We’re going back into the archives to revisit these classic posts by James Norwood Pratt. This post includes one single post and one three-part sequence: “…We Have Renounced Tea…” and “An Empire Brewed From Tea Leaves”. We have added a link to the end of each one to take you to the next if you would like to read them as a sequence, or you can choose which you want to peruse below. Enjoy!
…We Have Renounced Tea…
There is a great deal of poetry and fine sentimentRalph Waldo Emerson (1803-83),
in a chest of tea.
Letters And Social Aims
Amidst the roar of cannon and musketry, this great Republic was born–with a prenatal disinclination for tea. The colonists had…(Read more)
An Empire Brewed From Tea Leaves
Our (1770) voyage from China to England, including the stay at St. Helena, and notwithstanding the week we lay to in the chops of the Channel in Bad weather, was performed in four months and four days, then the shortest that ever had been made by an Indiaman.William Hickey, Memoirs of William Hickey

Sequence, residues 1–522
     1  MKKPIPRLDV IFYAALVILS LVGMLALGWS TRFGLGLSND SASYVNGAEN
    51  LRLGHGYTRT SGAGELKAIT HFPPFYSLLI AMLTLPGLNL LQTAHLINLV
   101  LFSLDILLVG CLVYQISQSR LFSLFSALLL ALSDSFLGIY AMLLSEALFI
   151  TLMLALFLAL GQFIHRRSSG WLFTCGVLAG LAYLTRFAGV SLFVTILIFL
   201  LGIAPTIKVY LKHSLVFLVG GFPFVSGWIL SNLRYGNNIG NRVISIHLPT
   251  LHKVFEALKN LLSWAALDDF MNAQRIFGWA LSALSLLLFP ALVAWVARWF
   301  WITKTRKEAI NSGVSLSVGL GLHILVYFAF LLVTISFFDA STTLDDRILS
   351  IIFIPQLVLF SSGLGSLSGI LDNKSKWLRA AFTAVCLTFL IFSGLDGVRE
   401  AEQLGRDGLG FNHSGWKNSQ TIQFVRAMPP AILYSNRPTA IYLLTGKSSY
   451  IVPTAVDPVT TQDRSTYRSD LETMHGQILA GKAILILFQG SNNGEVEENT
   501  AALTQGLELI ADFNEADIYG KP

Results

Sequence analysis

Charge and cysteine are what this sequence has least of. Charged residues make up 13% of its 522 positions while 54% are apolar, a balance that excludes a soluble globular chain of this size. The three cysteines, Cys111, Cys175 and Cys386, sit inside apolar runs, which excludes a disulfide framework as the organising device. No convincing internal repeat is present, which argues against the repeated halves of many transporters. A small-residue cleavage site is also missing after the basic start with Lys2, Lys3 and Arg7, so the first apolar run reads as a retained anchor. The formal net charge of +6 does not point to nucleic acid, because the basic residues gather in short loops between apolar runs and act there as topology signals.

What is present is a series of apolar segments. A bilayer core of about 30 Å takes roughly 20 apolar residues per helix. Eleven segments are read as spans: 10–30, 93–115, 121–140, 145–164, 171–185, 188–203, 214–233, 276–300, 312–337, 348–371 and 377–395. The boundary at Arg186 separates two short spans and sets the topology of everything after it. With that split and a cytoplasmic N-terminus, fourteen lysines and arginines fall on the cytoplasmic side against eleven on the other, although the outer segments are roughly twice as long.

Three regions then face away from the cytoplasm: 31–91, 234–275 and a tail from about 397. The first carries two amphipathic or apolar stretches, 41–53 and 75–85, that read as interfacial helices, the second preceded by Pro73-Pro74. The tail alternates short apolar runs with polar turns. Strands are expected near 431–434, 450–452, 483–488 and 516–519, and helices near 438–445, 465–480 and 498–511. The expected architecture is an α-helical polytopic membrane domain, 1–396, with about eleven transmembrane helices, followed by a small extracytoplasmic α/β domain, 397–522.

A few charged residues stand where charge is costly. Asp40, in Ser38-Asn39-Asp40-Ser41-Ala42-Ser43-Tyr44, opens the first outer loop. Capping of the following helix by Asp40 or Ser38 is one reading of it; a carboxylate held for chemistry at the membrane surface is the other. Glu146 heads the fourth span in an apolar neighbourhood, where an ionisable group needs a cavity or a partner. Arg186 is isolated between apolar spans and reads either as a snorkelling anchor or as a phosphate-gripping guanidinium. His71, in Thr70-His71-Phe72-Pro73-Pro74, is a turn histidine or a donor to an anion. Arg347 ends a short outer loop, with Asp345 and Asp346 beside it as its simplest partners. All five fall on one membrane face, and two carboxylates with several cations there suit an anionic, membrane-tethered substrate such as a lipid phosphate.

For sheer majesty, the eighteenth and early nineteenth centuries offered few sights to compare with a fleet of East Indiamen gliding down the English Channel, twenty or more great three-masters under…(Read more)
Tea was in demand everywhere as soon as it was introduced, Europe or America, Indians or Laplanders, commoners or quality, but England’s thirst for tea surpassed the rest. The first quantum leap in demand came after…(Read more)
The Company’s returning China fleet laden with eight million pounds’ worth of tea, silk and porcelain found an imposing French squadron laying in wait at the mouth of the Strait of Malacca (where fifteen years later Sir Stamford Raffles was to found Singapore for the Company). Commodore Nathaniel Dance had the Indiamen…(Read more)
Photo “Beige Analog Compass” is copyright under Creative Commons 2.0 Generic License to the photographer Ylonite Koppens and is being posted unaltered (source)